Coalition still possible
Some commentators insist that Bobi Wine can still forge an opposition coalition and be its sole candidate. They point at how, at the launch of the new party, Bobi Wine sought to cling to the People Power with plans to create a “People Power Alliance.”
Bobi Wine said the Alliance will be “with different political formations and parties we have been working with and those that are willing to join us going forward.”
Observers also point at how the leaders of the traditional established opposition parties have responded to Bobi Wine forming a party.
Leader of the Democratic Party (DP), Norbert Mao, called it “a good gesture for multi-party democracy” while Maj. Gen. Mugisha Muntu who is the leader of the Alliance for National Transformation (ANT) pledged to continue cooperating with Bobi Wine on matters of mutual interest to their parties.
“If handled well and coordinated, the diversity within opposition can be exactly what is needed to achieve the success we seek,” he told journalists.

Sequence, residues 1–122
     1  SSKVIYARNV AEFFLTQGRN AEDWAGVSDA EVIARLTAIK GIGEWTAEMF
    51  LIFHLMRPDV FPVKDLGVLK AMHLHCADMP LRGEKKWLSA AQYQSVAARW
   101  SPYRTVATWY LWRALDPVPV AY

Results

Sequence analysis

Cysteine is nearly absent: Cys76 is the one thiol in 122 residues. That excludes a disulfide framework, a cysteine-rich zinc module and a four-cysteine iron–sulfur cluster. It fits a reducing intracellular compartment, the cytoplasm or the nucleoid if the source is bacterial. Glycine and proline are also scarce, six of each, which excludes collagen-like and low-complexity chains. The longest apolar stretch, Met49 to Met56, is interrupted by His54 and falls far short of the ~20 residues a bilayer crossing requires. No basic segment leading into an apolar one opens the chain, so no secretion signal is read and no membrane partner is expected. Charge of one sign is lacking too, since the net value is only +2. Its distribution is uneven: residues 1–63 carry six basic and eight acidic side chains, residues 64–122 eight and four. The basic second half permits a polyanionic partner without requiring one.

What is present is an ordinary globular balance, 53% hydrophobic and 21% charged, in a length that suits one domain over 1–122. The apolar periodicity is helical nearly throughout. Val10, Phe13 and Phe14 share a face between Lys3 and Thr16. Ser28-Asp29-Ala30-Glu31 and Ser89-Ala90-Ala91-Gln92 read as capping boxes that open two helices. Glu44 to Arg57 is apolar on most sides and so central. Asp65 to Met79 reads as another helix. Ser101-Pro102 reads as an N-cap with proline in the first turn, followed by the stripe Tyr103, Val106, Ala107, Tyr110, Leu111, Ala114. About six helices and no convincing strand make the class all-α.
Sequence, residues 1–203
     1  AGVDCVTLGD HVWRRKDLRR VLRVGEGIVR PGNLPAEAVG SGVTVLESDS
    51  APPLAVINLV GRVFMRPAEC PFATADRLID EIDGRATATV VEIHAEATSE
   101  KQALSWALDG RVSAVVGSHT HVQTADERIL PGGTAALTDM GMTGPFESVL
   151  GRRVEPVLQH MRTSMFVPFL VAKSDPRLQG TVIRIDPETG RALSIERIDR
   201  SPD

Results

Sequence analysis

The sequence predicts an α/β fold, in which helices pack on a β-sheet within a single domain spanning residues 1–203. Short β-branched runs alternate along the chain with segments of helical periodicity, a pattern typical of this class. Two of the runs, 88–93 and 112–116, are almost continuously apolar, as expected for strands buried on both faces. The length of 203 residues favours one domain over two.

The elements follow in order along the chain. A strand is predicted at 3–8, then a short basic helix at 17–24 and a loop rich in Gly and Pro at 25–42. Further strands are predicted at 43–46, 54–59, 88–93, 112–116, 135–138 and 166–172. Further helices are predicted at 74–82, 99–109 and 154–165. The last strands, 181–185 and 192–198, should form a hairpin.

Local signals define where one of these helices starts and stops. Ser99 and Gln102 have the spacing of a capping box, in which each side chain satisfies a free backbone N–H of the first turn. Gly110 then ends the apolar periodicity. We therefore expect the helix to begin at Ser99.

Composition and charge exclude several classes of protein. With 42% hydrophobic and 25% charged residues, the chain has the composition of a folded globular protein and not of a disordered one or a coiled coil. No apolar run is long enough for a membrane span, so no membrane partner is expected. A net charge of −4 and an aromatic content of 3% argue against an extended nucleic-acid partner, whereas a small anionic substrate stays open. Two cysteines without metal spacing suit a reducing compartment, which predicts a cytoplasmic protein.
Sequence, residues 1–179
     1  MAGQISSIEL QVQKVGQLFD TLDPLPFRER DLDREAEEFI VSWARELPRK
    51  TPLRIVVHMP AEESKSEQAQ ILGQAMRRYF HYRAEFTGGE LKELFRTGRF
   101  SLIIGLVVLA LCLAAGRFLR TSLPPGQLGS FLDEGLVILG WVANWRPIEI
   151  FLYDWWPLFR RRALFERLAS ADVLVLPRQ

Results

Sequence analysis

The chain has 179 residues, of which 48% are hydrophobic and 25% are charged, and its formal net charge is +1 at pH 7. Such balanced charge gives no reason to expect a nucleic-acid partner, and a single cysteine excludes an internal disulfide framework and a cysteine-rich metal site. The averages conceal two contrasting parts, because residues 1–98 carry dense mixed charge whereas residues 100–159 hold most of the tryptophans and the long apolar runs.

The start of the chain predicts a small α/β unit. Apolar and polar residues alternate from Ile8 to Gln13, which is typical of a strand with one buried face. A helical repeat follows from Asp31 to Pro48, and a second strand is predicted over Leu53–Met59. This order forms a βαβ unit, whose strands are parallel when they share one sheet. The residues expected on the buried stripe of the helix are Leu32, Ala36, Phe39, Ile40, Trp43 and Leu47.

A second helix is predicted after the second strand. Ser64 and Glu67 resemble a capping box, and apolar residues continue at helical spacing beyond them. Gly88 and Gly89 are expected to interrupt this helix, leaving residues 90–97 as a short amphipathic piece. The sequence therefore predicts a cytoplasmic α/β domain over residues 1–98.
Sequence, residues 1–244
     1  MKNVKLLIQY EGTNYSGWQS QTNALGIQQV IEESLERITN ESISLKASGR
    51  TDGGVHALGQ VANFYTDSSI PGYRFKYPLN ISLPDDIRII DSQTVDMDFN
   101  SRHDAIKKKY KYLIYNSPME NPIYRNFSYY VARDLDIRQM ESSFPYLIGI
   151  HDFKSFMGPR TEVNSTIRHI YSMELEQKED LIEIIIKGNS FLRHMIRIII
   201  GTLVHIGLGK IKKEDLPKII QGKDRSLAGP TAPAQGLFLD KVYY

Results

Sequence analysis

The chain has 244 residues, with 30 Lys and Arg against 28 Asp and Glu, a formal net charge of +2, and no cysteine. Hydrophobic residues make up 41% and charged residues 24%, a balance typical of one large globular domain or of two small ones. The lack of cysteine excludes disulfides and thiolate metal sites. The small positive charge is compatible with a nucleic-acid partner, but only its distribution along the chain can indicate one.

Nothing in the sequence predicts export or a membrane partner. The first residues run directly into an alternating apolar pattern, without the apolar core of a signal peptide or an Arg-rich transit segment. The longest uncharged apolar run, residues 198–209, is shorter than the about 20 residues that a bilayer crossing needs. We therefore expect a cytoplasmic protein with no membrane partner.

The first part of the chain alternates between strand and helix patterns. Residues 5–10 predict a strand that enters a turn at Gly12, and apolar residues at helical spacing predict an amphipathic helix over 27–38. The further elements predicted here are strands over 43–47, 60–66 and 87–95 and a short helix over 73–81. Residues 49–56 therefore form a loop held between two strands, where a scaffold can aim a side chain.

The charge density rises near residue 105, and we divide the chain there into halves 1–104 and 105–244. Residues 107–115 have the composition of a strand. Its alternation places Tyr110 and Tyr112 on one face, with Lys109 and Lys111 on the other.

But the leader of Uganda’s largest opposition party, the Forum for Democratic Change (FDC), Patrick Oboi Amuriat, said in an interview with Daily Monitor that the process of forging a coalition is time-barred.
Bobi Wine’s next test
Bobi Wine must now pass a test that Besigye failed in 2004. After losing the election in 2001, Besigye in 2004 formed the Forum for Democratic Change (FDC) ahead of the 2006 elections. But the same parties that had accepted Besigye as their joint candidate in the 2001 election when he was head of Reform Agenda, a pressure group, rejected an alliance in the 2006 election. The opposition parties (the DP and the UPC) had their own candidates on the ballot.
Yet Besigye was a stronger candidate in 2006 than in 2001. He increased his vote tally from 28% of registered voters in 2001 to 38% in 2006 and Museveni’s vote tally declined from 69% in 2001 to 59% in 2006. But voter turn-out declined from 70% in 2001 to 69% in 2006.
In real votes, that was a decline of 346,000 votes. If, because of voter excitement created by a joint coalition candidate, all 346,000 voters had turned-out and voted Besigye; his vote tally would have increased to three million or 40% of the vote. Museveni’s vote tally would have reduced to 57%. The gap between Museveni and Besigye would have narrowed by 5 percentage points from 22% to 17%. Those are speculative figures but many could point at them to show how effective a coalition can be. It builds exponential support.